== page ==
Inštitut za arheologijo  ZRC SAZU


Branko MUŠIČ:

Geophysical prospecting in Slovenia:
An overview from the year 1990 with some observations related to the natural environment
(Geofizikalna prospekcija v Sloveniji: pregled raziskav od leta 1990 z nekaterimi ugotovitvami glede naravnega okolja)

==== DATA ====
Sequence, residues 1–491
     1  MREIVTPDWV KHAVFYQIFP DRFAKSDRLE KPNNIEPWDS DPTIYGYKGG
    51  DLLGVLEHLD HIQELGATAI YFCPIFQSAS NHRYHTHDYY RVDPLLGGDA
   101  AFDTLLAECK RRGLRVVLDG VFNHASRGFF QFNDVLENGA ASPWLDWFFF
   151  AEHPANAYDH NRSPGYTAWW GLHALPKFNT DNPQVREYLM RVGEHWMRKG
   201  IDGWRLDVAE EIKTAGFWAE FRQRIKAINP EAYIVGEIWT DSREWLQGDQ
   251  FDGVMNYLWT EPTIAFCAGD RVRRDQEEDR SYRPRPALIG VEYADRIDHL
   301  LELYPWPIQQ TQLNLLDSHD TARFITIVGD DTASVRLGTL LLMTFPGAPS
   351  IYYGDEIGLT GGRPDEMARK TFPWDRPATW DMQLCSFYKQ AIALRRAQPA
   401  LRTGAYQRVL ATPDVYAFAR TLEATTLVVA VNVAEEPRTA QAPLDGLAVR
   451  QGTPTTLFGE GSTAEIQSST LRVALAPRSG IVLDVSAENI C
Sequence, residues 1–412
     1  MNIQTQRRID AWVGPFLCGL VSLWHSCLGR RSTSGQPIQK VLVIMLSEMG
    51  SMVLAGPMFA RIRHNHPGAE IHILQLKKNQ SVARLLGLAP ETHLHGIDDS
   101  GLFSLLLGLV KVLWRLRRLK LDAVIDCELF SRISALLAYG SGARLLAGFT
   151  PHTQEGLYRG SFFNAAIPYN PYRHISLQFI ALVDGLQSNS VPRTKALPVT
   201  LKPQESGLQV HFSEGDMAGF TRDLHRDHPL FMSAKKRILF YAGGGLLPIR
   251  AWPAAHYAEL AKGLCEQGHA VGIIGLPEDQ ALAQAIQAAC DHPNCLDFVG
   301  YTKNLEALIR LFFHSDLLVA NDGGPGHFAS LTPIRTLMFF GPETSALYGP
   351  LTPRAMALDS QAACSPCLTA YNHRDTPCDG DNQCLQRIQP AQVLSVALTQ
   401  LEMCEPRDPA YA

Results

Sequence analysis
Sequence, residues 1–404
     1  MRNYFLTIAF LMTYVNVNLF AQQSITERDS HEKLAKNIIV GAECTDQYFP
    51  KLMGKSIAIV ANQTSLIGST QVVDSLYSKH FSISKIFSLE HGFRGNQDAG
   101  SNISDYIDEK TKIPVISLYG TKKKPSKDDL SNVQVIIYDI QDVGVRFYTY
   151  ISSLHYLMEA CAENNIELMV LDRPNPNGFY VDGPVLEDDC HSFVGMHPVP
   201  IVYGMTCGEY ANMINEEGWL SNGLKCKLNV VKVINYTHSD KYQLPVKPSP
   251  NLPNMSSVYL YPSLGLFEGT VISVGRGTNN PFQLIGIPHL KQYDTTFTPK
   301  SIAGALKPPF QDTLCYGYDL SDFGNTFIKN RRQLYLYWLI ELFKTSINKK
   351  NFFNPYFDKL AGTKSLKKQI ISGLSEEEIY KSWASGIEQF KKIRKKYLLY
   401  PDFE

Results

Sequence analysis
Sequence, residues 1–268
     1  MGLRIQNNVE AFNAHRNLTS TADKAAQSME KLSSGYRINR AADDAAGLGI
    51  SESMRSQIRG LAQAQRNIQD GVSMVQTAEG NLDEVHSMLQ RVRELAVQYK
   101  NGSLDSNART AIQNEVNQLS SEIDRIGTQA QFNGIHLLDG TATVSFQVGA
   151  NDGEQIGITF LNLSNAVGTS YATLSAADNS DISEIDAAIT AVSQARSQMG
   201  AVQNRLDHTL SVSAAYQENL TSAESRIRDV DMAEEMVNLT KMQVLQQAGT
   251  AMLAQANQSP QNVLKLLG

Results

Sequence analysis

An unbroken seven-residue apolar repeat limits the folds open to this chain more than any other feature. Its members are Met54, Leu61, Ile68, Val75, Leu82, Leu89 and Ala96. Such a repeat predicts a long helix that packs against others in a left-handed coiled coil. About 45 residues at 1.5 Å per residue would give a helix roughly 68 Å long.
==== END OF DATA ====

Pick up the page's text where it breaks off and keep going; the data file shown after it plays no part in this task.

Decades of geophysical investigations for archaeological purposes at the Department of Archaeology, the University of Ljubljana, have produced a series of useful information for academic archaeological analyses as well as for the protection of the archaeological cultural heritage from construction intervention. It is my opinion that cooperation with the archaeological profession is constructive as it substantially contributes to the attainment of reflective information on the results of archaeological excavations and other archaeological sources, all of which have augmented into a combined research plan for the future. The success of this cooperation is clearly illustrated already by the database including more than 150 locations at home and abroad, also presenting good potential for being incorporated in theoretic discussions concerning the potential of applied geophysics in archaeology. One of the main problems with archaeological prospecting is still the evaluation of the suitability of individual techniques with regard to the various natural environments and the types of archaeological remains. This is a rather ambitious theme that I am opening to discussion with this article. Numerous problems will obviously remain unsolved even with the publishing of this article; the solutions that I am presenting are the result of my own experience and I thus ground them on my own data exclusively. I shall illustrate my thoughts on this theme with the results of select investigations which satisfactorily describe the possibilities provided by geophysical prospecting for the detection of certain characteristic types of archaeological remains in diverse natural environments. The majority of these investigations have already been published in the archaeological literature, for this reason I have limited the scope of this article to those data that contribute, from various points of view, to the clarification of the potential of geophysical prospecting under diverse working conditions. The results from geophysical investigations on prehistoric sites are still lacking of any applicable conclusions, despite the relatively large number of investigations that were carried out within the framework of archaeological prospecting primarily along the routes anticipated for the construction of highways; for this reason I shall for the most part present the research determinations attained through investigations on Roman sites in various natural environments.

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